What is EFT?
EFT stands for Emotional Freedom Techniques, and is often referred to quite simply as 'Tapping".
It is a powerful but gentle technique that can be used to resolve a range of issues. It's based on the combined principles of ancient Chinese acupressure and modern psychology, and can be used a self-help tool, or under the guidance of an EFT Practitioner such as myself.
How do I Tap?
The basic tapping technique involves gentle tapping on certain meridian points on the face and upper body as you focus on or vocalise what you wish to transform.
This could be a negative thought, emotion or even a physical problem like a headache.
As you tap the points, you are making direct impact on the brain to reduce stress and lower cortisol levels. This takes your body out of fight or flight and creates a space where trauma, patterns or negative thinking can be released.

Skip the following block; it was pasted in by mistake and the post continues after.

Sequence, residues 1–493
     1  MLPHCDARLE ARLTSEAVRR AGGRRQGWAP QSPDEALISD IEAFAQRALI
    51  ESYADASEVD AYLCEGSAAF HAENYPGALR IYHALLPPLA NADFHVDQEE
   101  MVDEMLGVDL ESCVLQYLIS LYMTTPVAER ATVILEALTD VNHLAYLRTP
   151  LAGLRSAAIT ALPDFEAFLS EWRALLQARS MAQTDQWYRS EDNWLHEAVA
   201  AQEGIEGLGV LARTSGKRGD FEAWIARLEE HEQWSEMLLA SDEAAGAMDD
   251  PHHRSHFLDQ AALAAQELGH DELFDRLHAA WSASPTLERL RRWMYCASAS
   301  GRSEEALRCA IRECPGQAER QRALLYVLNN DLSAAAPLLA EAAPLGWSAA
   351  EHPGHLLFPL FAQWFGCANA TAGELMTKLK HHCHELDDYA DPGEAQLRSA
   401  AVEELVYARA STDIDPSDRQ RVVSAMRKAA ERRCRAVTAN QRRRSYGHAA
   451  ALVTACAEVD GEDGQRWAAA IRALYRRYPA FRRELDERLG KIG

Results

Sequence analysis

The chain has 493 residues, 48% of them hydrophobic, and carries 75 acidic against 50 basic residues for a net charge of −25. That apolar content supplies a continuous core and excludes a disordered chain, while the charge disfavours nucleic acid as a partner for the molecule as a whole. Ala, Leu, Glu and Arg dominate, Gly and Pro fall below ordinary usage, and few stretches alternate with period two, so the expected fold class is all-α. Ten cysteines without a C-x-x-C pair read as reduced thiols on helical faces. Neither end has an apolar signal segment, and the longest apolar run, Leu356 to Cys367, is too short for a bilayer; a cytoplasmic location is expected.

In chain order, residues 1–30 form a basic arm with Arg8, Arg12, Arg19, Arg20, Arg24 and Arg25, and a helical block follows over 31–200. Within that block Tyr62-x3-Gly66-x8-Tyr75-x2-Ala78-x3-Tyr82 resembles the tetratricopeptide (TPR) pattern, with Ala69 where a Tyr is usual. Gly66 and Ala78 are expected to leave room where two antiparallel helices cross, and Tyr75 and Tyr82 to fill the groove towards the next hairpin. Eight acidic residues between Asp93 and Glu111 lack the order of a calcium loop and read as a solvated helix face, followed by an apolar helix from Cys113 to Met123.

Watch this quick video to learn more about the tapping points.
EFT is an effective tool that can be used to get to the root of what's really holding you back. As we tap we gently release stress and may find it easier to see clearly our limiting beliefs or patterns. This allows use to acknowledge and release our attachment to these negative emotions, allowing us to move forward in life.
Tapping can help with a range of issues including weight loss, stress & anxiety, depression, insomnia, lack of self confidence or self worth, physical pain, grief and trauma.
it is important to note that my role as a practitioner is not to diagnose illnesses or disorders, but rather to guide you towards feeling peace from within - less stressed, anxious and feeling lighter.
Tapping Can Help You To
What does the Science say?
The research on EFT is continually expanding.
Dr Peta Stapleton is an Australian researcher who has done extensive research on tapping and the affect it has on the brain.
Through her work, and that of other researchers we now know that EFT can have a direct impact on the following issues:
Blood Pressure and Resting Heart rate
You can learn more about the ongoing research here, or watch the quick video below from Dr Peta Stapleton.